to the imperilled republic. Emancipa
tion by the Government was resolved on.
This beneficient measure tilled the hearts
of the good with courage and satisfaction,
and forever forbade rebellion and disunion
in this country. This achievement of
the Republican party entitles it to the
gratitude and respect of every lover of
freedom. The party that abolished
slavery and made every foot of the land
free, has not lived in vain. This party
was never more vigorous, more sagacious,
purer, less selfish, and more patriotic
than at this moment. It has well earned
the title of the great dominant party of
justice and humanity. It overcame the
greatest rebellion known in history, in
the face of the belief and assertion, on
the part of the whole civilized world,
that said rebellion could not be put down.
It took the chains from four millions of
slaves, and bade them in God's name
stand erect and free ! It re-asserted the
sublime dogma of the declaration of' In
dependence, that all men are created
equal, and it demands that men of all
nations, colors and creeds shall be equal
before the law I Such a party is not for
a day, but for all time..
Pacts to be _Remembered.
_...--.....-....----- ---- It is a fact: let. That the so.w 1 '
How the Soldiers Votc. Democratic party threaten m-
During the war, when the question menced and carried on the , there
arose, " Row shall the soldiers lighting hellion.
in the field be enabled to east - their ; 2. That the leaders of the Democratic
vote:: ?" The ' Reptiblivar . Leeislaturero party were the leaders of, the rebellio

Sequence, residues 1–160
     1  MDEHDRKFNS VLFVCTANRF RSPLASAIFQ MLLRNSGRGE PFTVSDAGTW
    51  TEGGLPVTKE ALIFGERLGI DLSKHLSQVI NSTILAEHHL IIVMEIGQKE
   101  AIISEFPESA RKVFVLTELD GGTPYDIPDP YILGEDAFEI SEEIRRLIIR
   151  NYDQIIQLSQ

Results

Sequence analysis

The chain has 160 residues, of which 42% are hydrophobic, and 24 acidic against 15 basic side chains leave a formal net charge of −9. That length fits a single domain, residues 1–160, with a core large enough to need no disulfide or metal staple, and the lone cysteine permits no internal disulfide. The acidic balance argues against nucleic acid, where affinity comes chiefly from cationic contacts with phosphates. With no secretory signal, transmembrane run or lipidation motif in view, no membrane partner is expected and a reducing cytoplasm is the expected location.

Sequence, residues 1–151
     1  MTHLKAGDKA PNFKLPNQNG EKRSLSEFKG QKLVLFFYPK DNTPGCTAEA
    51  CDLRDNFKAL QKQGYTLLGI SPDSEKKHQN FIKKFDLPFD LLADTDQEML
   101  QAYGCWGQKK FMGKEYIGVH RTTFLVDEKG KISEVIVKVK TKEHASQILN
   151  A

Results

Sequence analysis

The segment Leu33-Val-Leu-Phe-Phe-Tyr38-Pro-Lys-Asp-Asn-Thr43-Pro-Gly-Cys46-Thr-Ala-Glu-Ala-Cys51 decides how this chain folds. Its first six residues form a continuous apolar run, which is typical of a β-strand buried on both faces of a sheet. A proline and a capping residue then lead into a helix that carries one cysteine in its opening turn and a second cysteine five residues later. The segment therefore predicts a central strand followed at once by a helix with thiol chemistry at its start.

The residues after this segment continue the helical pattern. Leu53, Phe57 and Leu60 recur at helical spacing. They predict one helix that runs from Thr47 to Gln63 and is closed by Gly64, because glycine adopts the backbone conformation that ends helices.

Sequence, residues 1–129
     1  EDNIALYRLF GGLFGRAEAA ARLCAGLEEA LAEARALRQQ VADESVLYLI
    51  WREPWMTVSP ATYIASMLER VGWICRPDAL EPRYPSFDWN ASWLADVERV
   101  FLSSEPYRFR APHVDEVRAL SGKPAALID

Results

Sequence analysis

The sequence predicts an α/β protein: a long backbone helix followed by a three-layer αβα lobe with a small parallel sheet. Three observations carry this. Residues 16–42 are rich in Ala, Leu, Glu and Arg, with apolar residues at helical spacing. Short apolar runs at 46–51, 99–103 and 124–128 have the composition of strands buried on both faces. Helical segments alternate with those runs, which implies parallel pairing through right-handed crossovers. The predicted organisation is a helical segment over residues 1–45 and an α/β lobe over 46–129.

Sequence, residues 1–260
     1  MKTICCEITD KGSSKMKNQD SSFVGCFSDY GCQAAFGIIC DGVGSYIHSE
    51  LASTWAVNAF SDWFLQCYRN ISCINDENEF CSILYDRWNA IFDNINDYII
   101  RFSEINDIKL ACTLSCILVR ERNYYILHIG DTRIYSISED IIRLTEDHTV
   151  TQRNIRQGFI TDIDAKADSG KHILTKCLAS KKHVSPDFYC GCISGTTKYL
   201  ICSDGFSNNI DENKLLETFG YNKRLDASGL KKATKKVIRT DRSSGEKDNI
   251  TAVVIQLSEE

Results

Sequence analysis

unanimously said, " If there is no pro-
3. THat *the Democratic` patty- cot
vision made for this purpose, let us alter trolled the States in rebellion.
our laws and constitutions so that all who 4. That the Democratic party opposed
fight may vote." And they all did so, every measure of the government to sup
but not one Democratic Legislature agreed. press the rebellion.
New Jersey, Indiana, and Illinois elected 5. That the Democratic party discour-
Democratic Legislatures 111 1862, and aged enlistments into the Union army and
their soldiers did not vote in 1864. Every resisted the draft.
Republican State, controlled by earnest 6. That the Democratic party gave aid
Republicans, granted this first of fran- and comfort to the rebels in arms during
chises to the volunteers. Even Ken- the war.
tacky and Maryland, under their loyal 7. That the Democratic party,refused
administrations, permitted their soldiery to give our brave and triotic soldiers,
to vote. iu the field, .fighting fo r athe life of the
• Let the boys in blue—the comrades of nation, the right to vote.
the dead—remember this. They showed 8. That the Democratic party opposed
their intelligent appreciation of the feel- every measure adopted by Congress to
ings of the respective parties toward restore peace, harmony , and security to
the country. .
them by their vote in 1864, and they will
show it again in 1868. 9. That the Democratic. party, by fore-
We append the result of the soldiers' ing upon the country, without. a cause, a
vote in 1864 in all the States In which long, bloody and expensive War,. created
separate returns were made : vast public debt, and impo sed upon the
States. Lincoln. McClellan. PeoPle untold Narrow and no griev
ous to bear., -,_• ,- - ' - ,
Rhode Island.. , .;,. 657
Maine. 2,892 , 473
671 19: That thi Demoeratic party axe re
New Ilampshire.'... 2,018 248 sponsible fat high taxes, high pikes, de-
Pessisylvanta 26,712 12,849 dement of business, ete., Which ' are
.obio, ... ..... 41,148 9,757 M e Leiraate frOttiottbdi!war. ••• . .
Maryland . moo , 1,32 i .. 11. he Deineenatic. pffty , awl their
Kentucky . 1,194 . 2,823 rebel alders in the SOW totonounce in
lowa 17,810 ': '1,921 ihvor Of a 'Dirtittot to . OVlrthroW civil
Michipui. 4• • ..... : , 9,469 . ' . 2,959 government, and to istablikih 'taste Aid
California.... ..2,900 . 28 , 7 chum legielationisad-
ask the tree
Wliconeht . .... ..... 14,550 8,291 people of the - 1(0U- tee help them to
Power f9r31119 pe9910 . .
- ',' ' , - -,i:-..a. , _ 'L 4' A.. : '"!
The Mrs will light it out on this
lihe 41 summer.
I "Wets.
BVe cludleers the contradiction si
*either of the following assertions, namely:
That Grant and Colfax are the expo
nents of the pirty that has ever been
inn sad true to the country.